Top 25 ranking after round four

Rnk Name
1 GM Howell, David
3090 +0.69
2 GM Gordon, Stephen
3010 +0.84
3 GM Hebden, Mark L
2611 +0.23
4 GM Wells, Peter K
2527 +0.14
5 IM Ghasi, Ameet K
2547 +0.31
6 GM Kosten, Anthony.
2557 +0.43
7 IM Hawkins, Jonathan
2420 -0.36
8 GM Gormally, Daniel
2481 +0.02
9 GM Lalic, Bogdan
2392 -0.36
10 GM Williams, Simon
2410 -0.25
11 IM Zhou, Yang-Fan
2506 +0.28
12 IM Lane, Gary W.
2441 +0.26
13 IM Bates, Richard A
2283 -0.36
14 FM Eggleston, David
2356 +0.10
15 IM Fernandez, Daniel
2487 +0.78
16 FM Chapman, Terry
2430 +0.75
17 IM Kolbus, Dietmar
2510 +1.13
18 IM Rudd, Jack
2376 +0.50
19 Mackle, Dominic
2393 +0.87
20 Weaving, Richard
2417 +1.11
21 GM Jones, Gawain
2363 -1.12
22 IM Palliser, Richard
2385 -0.18
23 GM Arkell, Keith C
2317 -0.55
24 GM Ward, Chris G
2380 -0.17
25 IM Knott, Simon J B
2234 -0.32

Relaxing in the beautiful Torquay setting of the British Championship 2013

The English Riviera Wheel, which takes you 60m hight over Torquay

Photos provided by Brendan O'Gorman and Keverel Chess

To really appreciate how far the event has come in its 100 years, one needs to take the opportunity to look back at some of the milestones on the way – the great characters, the champions and their games. To do this, IM Andrew Martin is using his computer skills to pick out some key games from the past and run his expert eye over them. Similarly, Bob Jones, local chess history writer, is compiling a set of ten pages, each on a past champion and one of his/her games. These will appear, one at a time, in the daily championship bulletins.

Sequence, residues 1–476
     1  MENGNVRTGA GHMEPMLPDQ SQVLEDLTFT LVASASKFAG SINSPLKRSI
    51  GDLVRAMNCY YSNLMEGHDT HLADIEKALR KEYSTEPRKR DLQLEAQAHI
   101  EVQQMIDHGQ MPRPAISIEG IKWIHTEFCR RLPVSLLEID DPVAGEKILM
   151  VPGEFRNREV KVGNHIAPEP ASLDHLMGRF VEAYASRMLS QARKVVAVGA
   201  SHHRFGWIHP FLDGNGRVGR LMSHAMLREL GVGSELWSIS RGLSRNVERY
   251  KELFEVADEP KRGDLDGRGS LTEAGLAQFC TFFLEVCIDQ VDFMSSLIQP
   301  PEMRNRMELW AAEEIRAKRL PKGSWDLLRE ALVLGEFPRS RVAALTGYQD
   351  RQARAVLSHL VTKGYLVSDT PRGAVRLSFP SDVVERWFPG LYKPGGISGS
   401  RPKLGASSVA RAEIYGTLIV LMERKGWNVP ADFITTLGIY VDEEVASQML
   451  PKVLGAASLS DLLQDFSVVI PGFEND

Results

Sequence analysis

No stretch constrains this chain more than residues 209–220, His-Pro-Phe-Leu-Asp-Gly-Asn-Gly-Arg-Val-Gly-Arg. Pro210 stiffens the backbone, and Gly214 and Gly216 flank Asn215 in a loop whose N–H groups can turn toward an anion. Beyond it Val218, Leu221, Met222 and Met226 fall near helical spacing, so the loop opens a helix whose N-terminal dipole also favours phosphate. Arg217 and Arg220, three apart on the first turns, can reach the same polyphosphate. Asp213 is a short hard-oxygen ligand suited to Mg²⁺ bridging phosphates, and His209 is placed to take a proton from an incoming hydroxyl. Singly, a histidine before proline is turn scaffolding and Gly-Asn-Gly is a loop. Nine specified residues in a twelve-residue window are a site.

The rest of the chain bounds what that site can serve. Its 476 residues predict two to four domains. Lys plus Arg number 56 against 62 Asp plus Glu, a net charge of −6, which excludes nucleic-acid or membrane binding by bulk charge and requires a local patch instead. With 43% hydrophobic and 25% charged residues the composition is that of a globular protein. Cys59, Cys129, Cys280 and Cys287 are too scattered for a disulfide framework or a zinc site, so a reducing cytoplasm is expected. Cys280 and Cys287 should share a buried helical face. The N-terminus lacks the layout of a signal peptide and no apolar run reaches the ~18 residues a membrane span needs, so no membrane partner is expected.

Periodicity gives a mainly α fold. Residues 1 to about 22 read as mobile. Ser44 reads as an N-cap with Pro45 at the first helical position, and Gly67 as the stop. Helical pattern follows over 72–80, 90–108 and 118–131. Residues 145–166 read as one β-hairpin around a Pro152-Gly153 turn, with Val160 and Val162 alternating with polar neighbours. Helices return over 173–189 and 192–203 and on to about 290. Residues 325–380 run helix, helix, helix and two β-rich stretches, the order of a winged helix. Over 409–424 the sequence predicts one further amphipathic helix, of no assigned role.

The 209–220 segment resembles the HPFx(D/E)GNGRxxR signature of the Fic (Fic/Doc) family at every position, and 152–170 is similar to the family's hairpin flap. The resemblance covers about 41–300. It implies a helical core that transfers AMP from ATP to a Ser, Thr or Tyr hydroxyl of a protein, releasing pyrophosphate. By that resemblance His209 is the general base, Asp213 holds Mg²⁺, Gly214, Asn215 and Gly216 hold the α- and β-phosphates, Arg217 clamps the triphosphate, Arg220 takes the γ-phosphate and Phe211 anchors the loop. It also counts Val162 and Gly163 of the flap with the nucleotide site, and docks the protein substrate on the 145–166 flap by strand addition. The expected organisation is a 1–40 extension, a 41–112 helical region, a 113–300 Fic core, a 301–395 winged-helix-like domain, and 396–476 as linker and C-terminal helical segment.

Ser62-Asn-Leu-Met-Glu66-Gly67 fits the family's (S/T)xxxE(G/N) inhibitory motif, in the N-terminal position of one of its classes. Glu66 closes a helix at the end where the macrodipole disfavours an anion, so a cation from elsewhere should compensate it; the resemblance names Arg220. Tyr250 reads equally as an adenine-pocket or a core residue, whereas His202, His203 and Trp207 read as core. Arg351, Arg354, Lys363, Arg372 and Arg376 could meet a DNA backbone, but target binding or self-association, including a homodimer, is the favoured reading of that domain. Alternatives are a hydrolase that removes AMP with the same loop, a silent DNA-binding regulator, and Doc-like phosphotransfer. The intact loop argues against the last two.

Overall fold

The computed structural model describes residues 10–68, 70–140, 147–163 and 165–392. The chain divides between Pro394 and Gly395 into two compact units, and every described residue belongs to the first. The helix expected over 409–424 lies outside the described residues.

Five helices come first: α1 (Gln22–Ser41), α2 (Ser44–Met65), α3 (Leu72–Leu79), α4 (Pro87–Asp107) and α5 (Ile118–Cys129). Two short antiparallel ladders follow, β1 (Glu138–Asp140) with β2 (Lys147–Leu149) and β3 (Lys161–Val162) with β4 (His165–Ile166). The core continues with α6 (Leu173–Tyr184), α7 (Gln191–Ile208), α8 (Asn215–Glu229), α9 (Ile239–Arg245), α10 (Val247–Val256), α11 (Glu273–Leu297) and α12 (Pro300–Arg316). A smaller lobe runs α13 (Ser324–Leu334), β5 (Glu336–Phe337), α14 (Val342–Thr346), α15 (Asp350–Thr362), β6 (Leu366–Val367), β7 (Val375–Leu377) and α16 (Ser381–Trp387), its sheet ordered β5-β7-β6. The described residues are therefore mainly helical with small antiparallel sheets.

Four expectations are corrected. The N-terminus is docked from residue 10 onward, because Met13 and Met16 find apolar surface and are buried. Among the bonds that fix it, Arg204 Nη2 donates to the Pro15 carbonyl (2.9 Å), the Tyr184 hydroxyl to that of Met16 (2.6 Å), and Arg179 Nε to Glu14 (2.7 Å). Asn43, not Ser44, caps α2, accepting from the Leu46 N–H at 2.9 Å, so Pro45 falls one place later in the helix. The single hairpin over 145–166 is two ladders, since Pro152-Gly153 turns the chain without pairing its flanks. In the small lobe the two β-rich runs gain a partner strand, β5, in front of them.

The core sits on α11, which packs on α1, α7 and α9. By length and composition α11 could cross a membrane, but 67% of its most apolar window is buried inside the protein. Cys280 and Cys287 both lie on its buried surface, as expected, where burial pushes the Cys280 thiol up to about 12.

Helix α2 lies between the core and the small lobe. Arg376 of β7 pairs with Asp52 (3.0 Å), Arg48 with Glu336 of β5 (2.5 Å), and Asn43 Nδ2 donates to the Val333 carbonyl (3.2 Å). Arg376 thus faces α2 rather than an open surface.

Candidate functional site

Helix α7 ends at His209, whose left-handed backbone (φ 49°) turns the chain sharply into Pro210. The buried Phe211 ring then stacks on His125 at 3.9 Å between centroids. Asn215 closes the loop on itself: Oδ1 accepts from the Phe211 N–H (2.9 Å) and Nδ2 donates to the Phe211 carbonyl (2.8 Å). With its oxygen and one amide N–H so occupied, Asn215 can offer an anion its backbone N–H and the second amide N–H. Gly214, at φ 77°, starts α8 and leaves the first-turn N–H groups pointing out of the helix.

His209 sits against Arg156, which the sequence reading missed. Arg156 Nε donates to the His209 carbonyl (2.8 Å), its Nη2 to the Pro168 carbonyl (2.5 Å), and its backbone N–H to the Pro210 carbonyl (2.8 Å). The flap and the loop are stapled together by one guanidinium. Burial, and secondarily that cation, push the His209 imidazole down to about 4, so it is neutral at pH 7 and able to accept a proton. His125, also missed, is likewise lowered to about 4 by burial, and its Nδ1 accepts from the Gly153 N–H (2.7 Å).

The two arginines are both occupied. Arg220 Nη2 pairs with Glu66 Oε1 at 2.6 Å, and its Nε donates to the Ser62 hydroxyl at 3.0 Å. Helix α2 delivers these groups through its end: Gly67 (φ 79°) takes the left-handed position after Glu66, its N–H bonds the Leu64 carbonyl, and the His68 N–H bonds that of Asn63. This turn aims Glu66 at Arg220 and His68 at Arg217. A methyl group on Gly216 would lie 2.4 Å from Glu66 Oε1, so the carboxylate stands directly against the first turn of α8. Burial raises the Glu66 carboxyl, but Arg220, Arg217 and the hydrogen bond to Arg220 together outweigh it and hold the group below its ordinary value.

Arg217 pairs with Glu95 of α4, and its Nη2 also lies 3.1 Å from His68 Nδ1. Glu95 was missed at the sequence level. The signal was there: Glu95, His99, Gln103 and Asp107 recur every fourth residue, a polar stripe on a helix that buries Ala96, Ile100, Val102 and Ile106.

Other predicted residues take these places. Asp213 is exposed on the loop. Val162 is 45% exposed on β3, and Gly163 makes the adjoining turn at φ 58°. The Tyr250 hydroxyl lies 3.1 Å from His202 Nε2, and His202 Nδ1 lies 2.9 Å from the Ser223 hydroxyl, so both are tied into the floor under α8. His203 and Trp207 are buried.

British Champions & Their Games - No. 3

1926 – Edinburgh

Just as Atkins’ promotion to college principal forced him into a long withdrawal from tournament chess, his mantle alighted on a Yorkshire trainee accountant. However, unlike Napier and Atkins, Fred Dewhirst Yates [Note: the well-known British author Leonard Barden informed us that is the correct name, while the popular rendering as “Frederick Dewhurst Yates” is erroneous] forsook formal training to become a chess professional. In international tournaments he tended to beat the best players but lose to the back-markers, which often kept him out of the prizelists. Two tournament wins and four draws against Alekhine speaks for itself, and there were many others who felt the sharp edge of his combinative sword; Reti (4), Bogoljubov & Tartakower (3 each).